Top 4 Most Dangerous Technologies That Threaten Your Privacy

The advances in technology over the past half a decade are incredible. But, unfortunately, that fast pace of growth means that not all of our technologies are as safe as they could be. From hackable Internet of Things devices to public Wi-Fi, here are the top four most dangerous technologies that threaten your privacy.

1. Unsecured baby monitors

Baby monitors these days allow parents to watch their babies in bed, even when they’re not home. It’s a great convenience for worried parents — but it’s also one that is vulnerable to hacking. There have been multiple reports of criminals gaining control of baby monitors, including one where a man threatened to kidnap the baby and another where a baby monitor was being moved to look at a couple’s bed while they slept.

Hacked baby monitors strike a particularly scary cord because they involve our most vulnerable, but sweeping the internet for unsecured cameras is pretty commonplace at this point. And as Internet of Things (IoT) devices gain in popularity, we’re introducing an increasing number of potentially hackable devices to our homes. Not only can criminals access devices to surveil the home, but they can also use them to gain access to the home Wi-Fi network and therefore to even more sensitive data.

2. Facial recognition

Facial recognition technology is advancing rapidly, in no small part due to the fact that many people voluntarily participate in training it on social media and other online services. But facial recognition can be used for a whole lot more than just identifying your friends on Facebook.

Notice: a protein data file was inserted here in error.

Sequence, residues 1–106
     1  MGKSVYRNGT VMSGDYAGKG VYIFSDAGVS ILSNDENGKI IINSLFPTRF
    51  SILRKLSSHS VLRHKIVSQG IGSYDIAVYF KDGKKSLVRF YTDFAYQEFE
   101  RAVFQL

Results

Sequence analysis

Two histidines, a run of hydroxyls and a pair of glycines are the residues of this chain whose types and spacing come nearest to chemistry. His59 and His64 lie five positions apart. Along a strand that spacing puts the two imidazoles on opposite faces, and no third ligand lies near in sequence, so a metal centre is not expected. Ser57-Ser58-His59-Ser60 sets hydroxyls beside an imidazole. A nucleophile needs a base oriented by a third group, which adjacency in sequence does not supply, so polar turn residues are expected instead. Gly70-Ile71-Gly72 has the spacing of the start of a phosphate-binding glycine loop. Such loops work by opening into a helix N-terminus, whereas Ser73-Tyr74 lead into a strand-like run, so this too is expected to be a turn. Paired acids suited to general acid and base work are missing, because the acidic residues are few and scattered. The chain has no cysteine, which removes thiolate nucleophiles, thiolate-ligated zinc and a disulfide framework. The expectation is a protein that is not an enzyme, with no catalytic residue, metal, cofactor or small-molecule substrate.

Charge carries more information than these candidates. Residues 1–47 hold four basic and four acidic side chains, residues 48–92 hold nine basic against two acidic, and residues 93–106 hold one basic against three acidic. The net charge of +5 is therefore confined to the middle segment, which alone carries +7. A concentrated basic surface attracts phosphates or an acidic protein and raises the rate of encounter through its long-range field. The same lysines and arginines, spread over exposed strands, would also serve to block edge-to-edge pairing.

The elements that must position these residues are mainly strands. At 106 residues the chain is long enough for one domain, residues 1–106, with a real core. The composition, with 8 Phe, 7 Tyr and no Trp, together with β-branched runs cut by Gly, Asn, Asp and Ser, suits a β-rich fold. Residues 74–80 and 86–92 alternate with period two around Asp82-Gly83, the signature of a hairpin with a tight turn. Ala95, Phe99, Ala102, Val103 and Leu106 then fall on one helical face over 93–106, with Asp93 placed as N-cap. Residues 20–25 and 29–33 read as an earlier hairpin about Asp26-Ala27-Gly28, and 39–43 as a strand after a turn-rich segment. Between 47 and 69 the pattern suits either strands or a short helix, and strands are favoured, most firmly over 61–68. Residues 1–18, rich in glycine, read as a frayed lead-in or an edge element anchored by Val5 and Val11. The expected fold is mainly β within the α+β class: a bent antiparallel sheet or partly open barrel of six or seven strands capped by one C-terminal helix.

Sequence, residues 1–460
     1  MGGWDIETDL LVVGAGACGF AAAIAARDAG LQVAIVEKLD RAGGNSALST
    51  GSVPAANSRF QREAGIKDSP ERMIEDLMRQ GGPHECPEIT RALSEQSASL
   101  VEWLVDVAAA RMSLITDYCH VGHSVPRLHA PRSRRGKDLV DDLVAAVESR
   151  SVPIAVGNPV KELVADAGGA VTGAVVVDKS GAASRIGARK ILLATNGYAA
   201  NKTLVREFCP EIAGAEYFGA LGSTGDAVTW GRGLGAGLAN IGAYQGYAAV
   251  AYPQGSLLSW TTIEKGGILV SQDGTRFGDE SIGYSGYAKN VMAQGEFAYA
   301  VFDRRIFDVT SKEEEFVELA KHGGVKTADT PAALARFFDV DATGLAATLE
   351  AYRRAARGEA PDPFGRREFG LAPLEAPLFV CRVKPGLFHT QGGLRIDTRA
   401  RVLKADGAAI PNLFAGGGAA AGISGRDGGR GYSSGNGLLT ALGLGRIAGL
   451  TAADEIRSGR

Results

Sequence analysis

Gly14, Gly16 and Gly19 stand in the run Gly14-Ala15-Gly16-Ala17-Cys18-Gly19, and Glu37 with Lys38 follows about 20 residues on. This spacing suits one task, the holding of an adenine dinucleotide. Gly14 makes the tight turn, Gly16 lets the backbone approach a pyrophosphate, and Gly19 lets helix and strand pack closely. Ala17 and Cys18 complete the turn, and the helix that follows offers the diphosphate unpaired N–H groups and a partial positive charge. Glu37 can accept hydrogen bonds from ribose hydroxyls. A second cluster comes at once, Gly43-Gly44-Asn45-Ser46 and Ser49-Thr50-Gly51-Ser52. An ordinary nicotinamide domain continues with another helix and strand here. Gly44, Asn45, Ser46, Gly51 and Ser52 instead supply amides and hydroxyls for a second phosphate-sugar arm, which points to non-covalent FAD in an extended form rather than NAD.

In combination with increased video surveillance in public spaces — from both government and private sources — facial recognition technology can already be used to identify people in the public sphere. In the future, it could potentially be used more thoroughly by law enforcement, border control, or even employers looking to dig up dirt on employees or potential employees.

3. E-payments

Obviously more than cash but even more than credit cards, payment apps like Venmo track your buying and selling activity. They also sell that data to advertisers.

With credit cards, which are more commonly used, there’s the risk of being prosecuted for certain payments. That’s a potential threat faced by Canadians who legally purchase cannabis in their home country and are concerned that credit cards payments could be cause for them to be detained at the border when they cross into the US.

4. Public Wi-Fi

Public Wi-Fi — which is any network that is accessible to a large number of people, even if you need to ask for a password to access it — has made the internet more accessible worldwide. It’s also, however, highly insecure and therefore prone to attacks from cyber criminals. No one should ever access a site that requires inputting and transmitting personal information — like usernames and passwords — on public Wi-Fi, unless they’re using a VPN.

Of course, these four are just the tip of the iceberg when it comes to privacy-threatening technologies — and more are being developed every day. That’s why it’s up to each individual to be cautious about the new technologies they introduce into their lives, and for all of us to demand ethical accountability from tech companies.

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